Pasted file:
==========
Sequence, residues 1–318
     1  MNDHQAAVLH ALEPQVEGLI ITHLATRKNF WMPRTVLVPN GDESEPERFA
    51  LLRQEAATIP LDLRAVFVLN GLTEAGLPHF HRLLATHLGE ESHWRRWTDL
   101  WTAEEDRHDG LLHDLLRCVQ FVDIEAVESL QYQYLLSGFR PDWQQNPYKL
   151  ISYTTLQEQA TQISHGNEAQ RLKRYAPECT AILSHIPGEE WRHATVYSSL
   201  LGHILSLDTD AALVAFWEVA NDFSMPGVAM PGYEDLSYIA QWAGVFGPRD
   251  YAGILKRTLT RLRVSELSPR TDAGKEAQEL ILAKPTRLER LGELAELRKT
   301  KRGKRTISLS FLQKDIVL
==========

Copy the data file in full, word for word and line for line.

Sequence, residues 1–318
     1  MNDHQAAVLH ALEPQVEGLI ITHLATRKNF WMPRTVLVPN GDESEPERFA
    51  LLRQEAATIP LDLRAVFVLN GLTEAGLPHF HRLLATHLGE ESHWRRWTDL
   101  WTAEEDRHDG LLHDLLRCVQ FVDIEAVESL QYQYLLSGFR PDWQQNPYKL
   151  ISYTTLQEQA TQISHGNEAQ RLKRYAPECT AILSHIPGEE WRHATVYSSL
   201  LGHILSLDTD AALVAFWEVA NDFSMPGVAM PGYEDLSYIA QWAGVFGPRD
   251  YAGILKRTLT RLRVSELSPR TDAGKEAQEL ILAKPTRLER LGELAELRKT
   301  KRGKRTISLS FLQKDIVL